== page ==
Look for the West Coast transmission around 7045 kHz beginning at 0215
UTC (6:15 PM PST). The transmissions will consist of three 60-second key
down periods separated by a station identification. The West Coast FMT
will last for approximately 10 minutes total.

This year, your report should be submitted via the FMT Report form on
the W1AW FMT Web site. Along with your call sign and e-mail address,
enter your most accurate measurement on each band and indicate whether
you measured the W1AW (or WA6ZTY) signal. There will be a window to list
your equipment, describe the method you used to make the measurements
and enter any Soapbox comments. There is a slight change in that
participants have 14 days to input their data. Both the W1AW and WA6ZTY
measured frequencies -- in addition to inputted data -- will be
available on the W1AW FMT Web page after the 14 day period. Participants
may input their data more than once, although the final entry will be
the one used for the results

W1AW will post the transmitted frequencies on the FMT Web site following
the test. This will allow participants to quickly determine the accuracy
of their equipment and methods.

An article, "Frequency Measuring Test 2007," by Ward Silver, N0AX, in
the November 2007 QST and also available on the ARRL Web site
<> covers this year's
FMT. Additional information about the FMT -- including a list of
reference articles and updates to test schedules -- is on the W1AW
Frequency Measuring Test Web page <>. 


Fall has brought lower static and good propagation, making excellent
conditions for the 500 kHz experimenters. The ARRL 500 kHz experimental
license, WD2XSH, was issued in September 2006 and has 19 active

Project Coordinator for the ARRL-sponsored 500 kHz experiment Fritz
Raab, W1FR, said, "We have been joined by a second US experimental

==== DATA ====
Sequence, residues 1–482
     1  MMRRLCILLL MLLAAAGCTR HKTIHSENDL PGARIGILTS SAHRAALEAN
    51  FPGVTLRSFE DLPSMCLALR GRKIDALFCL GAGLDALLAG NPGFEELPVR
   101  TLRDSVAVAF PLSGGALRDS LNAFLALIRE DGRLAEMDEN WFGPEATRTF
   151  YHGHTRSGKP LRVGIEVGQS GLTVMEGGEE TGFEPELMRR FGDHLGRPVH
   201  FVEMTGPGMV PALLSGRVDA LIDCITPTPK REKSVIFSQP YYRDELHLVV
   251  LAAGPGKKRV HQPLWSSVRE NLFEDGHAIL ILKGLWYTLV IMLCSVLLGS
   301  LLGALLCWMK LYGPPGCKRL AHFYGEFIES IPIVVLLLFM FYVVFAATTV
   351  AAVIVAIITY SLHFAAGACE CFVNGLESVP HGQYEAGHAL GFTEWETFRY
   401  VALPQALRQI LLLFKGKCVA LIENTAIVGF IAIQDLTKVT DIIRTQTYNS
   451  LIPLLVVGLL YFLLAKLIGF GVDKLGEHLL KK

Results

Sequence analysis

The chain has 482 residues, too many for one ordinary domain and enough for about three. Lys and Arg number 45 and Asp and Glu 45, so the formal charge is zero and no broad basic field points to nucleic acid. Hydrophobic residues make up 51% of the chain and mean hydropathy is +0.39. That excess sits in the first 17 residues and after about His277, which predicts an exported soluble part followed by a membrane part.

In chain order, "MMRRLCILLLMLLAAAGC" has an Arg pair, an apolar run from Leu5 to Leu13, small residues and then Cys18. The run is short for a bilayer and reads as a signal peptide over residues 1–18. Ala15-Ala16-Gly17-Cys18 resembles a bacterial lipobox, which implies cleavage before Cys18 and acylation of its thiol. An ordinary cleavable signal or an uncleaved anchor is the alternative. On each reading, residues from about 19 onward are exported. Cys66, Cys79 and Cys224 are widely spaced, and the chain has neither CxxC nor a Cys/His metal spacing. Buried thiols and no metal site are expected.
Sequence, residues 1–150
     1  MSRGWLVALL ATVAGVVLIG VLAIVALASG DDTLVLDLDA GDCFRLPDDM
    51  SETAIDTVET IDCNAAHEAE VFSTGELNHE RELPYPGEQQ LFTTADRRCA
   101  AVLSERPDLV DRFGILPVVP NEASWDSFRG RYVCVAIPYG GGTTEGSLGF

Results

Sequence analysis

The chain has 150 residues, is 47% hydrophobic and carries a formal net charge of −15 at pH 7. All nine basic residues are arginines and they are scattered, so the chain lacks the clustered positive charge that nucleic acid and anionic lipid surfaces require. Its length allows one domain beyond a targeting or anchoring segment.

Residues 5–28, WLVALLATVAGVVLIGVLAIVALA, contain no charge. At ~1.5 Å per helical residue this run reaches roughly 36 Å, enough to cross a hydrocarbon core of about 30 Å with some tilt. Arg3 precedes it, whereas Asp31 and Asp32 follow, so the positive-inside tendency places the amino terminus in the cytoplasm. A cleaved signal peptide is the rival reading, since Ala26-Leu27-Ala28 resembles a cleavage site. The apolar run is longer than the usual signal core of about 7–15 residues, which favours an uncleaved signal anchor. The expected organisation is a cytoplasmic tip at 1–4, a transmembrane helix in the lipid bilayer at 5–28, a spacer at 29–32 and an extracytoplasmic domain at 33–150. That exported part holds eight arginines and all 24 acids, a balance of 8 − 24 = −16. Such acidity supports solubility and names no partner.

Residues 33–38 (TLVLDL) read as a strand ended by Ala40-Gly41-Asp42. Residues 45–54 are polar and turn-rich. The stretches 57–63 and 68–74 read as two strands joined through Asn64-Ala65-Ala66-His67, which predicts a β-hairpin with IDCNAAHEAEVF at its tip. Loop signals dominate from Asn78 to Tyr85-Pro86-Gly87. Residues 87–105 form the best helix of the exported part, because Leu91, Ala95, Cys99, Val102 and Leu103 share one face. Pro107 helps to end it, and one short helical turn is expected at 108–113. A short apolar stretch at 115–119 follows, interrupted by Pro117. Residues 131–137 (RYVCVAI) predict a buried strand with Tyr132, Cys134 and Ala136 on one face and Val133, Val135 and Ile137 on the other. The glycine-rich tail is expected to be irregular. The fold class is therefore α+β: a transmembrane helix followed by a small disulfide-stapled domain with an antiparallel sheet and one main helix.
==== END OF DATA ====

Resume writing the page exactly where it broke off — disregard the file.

license, WE2XGR, with five participants, as well experimenters in the
UK, Germany, Sweden and the Czech Republic; operating modes include CW,
QRSS, PSK-31, and others. Contacts have been achieved at distances up to
1234 miles. Signals have been received all over North America, Alaska,
and Hawaii, and trans-Atlantic reports are not uncommon." 

The best time to listen is between sunset and sunrise, Raab said. "The
operating frequencies are: WD2XSH -- 505.2-510 kHz; WE2XGR -- 505-515
kHz; UK -- 501-504 kHz, and SM, DL, OK -- 505.0-505.2 kHz. Reception
reports should be filed at the Web site so that they
become part of our data base." Additional information can be found at
the experiment's Web site and also in the July/August 2007 issue of QEX


Steve Sant Andrea, WB2GYK, joined the ARRL Headquarters staff this week
as an Assistant Editor, filling the position formerly held by current
ARRL News Editor S. Khrystyne Keane, K1SFA. Sant Andrea spends his
operating time on HF through 70 cm chasing special event stations,
handling traffic and helping out at public service events and
participating in Field Day. First licensed as a Novice in 1968 and
currently an Amateur Extra class license, he holds a Technology degree
from New York Institute of Technology. Before coming to the League he
worked as a technical writer producing manuals for equipment ranging
from medical CAT scanners to plastic molding machines. He has also
prepared documentation for a variety of commercial software products.
Sant Andrea is a member of the ARRL and the Northville Amateur Radio
Association. Away from the radio, he is interested in photography and
American history. He grew up on Long Island and moved to Woodbury,